An exemption policy or process for determining if a street will be excluded from being designed as a complete street. We want to see a committee made up of representatives from different city departments formed to vote on exemptions and, if a vote passes, to have city council or the Metropolitan Planning Organization vote on it as well.
The public be regularly informed on street design projects from start to finish, with emphasis on how each project fits into the broader network for all users, and means for public input provided throughout the process.
Current documentation related to transportation to be reviewed for wording that is biased in favor of one form of transportation over another.
ADVOCACY COMMITTEE: BIG holds monthly advocacy meetings that are open to the public in an effort to engage area cyclists in the decision making process. We review what has been accomplished since the last meeting, introduce current projects and issues, and develop strategies for effectively advocating for safer conditions for Greater Greensboro cyclists.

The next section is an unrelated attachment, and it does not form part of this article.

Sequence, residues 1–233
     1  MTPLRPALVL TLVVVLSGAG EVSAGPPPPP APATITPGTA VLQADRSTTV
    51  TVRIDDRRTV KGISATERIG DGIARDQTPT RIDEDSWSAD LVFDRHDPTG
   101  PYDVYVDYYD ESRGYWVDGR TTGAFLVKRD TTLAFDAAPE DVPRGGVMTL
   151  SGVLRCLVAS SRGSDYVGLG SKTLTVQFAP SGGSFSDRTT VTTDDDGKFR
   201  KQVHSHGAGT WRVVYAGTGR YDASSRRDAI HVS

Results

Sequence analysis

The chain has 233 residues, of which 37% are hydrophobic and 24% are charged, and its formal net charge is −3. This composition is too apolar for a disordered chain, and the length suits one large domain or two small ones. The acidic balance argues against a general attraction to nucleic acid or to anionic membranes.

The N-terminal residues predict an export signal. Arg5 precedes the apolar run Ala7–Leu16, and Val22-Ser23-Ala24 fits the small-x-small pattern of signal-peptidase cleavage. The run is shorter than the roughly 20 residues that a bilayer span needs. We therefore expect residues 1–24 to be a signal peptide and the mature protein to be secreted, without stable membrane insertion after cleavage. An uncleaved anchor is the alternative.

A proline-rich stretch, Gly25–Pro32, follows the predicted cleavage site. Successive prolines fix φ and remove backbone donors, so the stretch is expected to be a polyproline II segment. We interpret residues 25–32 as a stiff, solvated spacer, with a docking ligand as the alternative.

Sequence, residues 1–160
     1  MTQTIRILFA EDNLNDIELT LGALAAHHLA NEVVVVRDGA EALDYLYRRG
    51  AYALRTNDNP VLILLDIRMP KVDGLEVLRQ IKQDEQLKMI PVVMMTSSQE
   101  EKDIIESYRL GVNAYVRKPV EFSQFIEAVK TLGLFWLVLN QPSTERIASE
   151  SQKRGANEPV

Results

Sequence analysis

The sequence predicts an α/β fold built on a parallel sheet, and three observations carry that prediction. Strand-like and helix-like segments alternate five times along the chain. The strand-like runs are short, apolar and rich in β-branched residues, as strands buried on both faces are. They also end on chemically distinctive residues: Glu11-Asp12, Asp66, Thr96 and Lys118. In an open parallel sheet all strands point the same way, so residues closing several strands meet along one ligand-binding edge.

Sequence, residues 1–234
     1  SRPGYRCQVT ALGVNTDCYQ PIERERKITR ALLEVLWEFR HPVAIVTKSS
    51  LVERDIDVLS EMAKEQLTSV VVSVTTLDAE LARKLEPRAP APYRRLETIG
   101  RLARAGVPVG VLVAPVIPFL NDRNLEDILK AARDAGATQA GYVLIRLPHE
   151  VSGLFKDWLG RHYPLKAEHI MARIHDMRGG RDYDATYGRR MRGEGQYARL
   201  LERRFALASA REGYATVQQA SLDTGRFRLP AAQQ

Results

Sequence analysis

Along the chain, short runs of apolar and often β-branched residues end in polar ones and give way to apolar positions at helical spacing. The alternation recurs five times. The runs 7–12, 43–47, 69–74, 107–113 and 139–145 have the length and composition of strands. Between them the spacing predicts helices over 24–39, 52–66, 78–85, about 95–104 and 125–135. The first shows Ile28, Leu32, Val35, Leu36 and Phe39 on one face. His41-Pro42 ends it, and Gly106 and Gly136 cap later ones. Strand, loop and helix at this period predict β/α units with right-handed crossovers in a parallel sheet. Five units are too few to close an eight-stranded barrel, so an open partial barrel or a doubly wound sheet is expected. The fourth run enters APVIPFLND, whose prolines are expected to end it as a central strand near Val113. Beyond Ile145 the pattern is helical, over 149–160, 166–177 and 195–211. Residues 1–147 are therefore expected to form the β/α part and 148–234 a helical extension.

Our goal for the year is to increase the number of active participants from fifteen to thirty. To help all of Greater Greensboro to be bicycling-friendly, we want bicyclists from all local areas on our Advocacy Committee. Wherever live locally, please consider joining. Broad representation and a greater number of participants will increase the influence we have with government officials and elected representatives to bring about positive change. Interested? Please contact Projects Coordinator Nicole Lindahl
for more details and to be added to the Advocacy Committee email list -----> email@example.com
GUILFORD COUNTY CYCLING AMBASSADORS (GCCA): GCCA is an effort to inspire teens with a love for bicycling.